We've heard a lot about elastic data storage as of late. IBM, EMC and even Amazon all offer their own form of elastic storage. However, these big names aren't alone in the race to provide consumers with a highly accessible, fully scalable and efficient method for data storage. In fact, a new startup company called Datera, which has only recently emerged out of stealth, has even thrown their hat into the mix with the introduction of their Elastic Data Fabric, or EDF, storage.
Datera's EDF storage was originally made available in February 2016. Meant specifically for developers who required cloud-based services such as API provisioning and multitenant segmentation, the platform is highly flexible and able to adapt to application-specific needs.
Marc Fleischmann, CEO of Datera, explained some of the direct benefits of the Elastic Data Fabric platform. He was quoted as saying: "We take the complexity out of storage operations. Users can simply define the goals they desire for their applications and let our intelligent software do the rest, instantly, automatically, and at any scale."
EDF is currently priced at a rate of $0.55 per gigabyte, with all clusters requiring a minimum of three nodes, each of which features 12 separate hard drives with 4 TB of capacity each as well as two Samsung 1725 NVMe drives of 1.6TB each. As such, each three-node cluster sports roughly 150 terabytes of usable storage space and, according to Datera, is capable of achieving 150,000 input / output operations per second (IOPS).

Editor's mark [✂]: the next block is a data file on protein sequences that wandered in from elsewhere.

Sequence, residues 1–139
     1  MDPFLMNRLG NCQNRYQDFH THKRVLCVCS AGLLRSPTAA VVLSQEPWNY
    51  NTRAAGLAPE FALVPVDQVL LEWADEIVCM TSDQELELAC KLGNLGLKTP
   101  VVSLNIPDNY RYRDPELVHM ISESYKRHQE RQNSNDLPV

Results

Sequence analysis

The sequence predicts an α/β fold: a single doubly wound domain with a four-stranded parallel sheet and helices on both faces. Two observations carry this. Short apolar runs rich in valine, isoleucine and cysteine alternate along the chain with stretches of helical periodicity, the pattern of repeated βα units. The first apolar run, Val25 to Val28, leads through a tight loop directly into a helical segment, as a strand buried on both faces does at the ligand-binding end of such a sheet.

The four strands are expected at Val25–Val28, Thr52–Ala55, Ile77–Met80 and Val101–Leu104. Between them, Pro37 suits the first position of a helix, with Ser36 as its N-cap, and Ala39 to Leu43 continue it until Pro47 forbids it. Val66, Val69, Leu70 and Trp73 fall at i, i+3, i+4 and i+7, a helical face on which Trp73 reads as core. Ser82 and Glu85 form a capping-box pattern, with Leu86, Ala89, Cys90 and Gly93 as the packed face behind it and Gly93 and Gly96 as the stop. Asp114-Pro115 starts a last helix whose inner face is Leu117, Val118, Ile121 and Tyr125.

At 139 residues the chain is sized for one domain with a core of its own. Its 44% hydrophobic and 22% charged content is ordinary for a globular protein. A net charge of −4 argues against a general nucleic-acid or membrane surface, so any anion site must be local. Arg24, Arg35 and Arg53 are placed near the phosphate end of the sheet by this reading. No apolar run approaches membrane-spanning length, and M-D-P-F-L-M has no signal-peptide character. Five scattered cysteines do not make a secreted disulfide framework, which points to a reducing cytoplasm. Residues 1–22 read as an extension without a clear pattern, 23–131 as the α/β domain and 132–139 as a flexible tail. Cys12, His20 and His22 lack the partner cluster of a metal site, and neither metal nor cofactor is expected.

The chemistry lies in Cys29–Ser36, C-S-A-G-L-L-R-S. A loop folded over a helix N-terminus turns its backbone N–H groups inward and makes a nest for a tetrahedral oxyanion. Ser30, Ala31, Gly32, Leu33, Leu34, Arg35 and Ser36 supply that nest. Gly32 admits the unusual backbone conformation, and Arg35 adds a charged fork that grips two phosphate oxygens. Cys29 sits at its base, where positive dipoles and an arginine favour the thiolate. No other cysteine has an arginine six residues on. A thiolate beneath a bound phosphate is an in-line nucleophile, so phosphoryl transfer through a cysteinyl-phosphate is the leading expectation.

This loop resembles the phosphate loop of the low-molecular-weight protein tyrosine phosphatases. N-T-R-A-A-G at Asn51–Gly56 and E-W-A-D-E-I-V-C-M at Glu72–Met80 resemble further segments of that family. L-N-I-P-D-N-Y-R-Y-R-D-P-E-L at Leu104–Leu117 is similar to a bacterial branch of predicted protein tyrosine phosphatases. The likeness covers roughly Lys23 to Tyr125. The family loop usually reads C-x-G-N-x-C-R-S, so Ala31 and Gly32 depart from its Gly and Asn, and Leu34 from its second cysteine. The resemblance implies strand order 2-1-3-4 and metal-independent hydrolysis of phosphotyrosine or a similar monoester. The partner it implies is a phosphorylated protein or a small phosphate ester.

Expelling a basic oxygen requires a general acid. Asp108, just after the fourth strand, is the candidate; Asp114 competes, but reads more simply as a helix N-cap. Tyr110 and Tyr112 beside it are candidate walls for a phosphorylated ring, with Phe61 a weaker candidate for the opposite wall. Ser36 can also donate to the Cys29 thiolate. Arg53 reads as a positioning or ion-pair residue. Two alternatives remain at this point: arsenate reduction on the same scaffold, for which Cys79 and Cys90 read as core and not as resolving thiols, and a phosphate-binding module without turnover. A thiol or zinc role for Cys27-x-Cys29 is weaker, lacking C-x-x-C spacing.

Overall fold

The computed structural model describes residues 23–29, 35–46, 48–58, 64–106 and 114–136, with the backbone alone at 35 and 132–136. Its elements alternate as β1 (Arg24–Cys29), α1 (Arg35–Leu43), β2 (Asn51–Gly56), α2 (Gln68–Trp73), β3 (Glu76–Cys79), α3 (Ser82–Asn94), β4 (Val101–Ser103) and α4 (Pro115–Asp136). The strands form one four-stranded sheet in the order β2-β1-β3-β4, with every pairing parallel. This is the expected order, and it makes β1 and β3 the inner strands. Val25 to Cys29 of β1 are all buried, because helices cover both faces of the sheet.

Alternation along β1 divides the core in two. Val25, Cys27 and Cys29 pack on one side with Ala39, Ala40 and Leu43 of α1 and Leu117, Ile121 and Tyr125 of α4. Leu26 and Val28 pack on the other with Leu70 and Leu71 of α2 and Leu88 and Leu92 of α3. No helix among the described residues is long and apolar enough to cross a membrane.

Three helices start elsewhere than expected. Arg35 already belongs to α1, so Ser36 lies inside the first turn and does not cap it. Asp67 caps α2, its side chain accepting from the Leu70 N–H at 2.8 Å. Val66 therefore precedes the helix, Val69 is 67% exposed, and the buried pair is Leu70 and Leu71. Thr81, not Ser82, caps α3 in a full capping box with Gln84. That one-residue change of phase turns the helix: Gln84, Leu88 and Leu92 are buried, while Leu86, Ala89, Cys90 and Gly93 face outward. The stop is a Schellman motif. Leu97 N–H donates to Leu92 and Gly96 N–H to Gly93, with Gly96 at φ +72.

Datera's CEO continued by touting some of his company's past achievements while also talking about the future. He said: "We contributed our block storage stack LIO to Linux to make it an industry standard connector, behind which we can build an elastic data fabric to unify such a wide spectrum of use cases. We have more storage protocols on our roadmap, to make our data fabric very broadly usable. On top of it, we built a powerful policy-based management plane, to allow an equally broad spectrum of applications to automatically consume the data fabric, while we automatically configure all of its elements and continuously optimize them."
While Datera's EDF has plenty of features right from the start, the company is already planning on rolling out some upgrades and enhancements. This includes features such as deduplication, asynchronous replication and inline compression. While an exact timeline for the added functionality has not been announced at the time of this writing, Datera's is expecting to introduce the inline compression aspect at some point in 2016.
However, it's important to note that Datera is facing some stiff competition. Apart from the biggest and most obvious players in the game, some of which are mentioned at the beginning of this article, the team with Datera will also have to contend with SUSE, FalconStor, Nexenta and other, similar solutions. As far as the cloud goes, Datera will see additional competition from Pure Storage, NetApp, HDS and more.
To find out more information about Datera, including technical details regarding the Elastic Data Fabric platform, please visit their official website at datera.io.
A Look at Datera's New Elastic Data Fabric Platform
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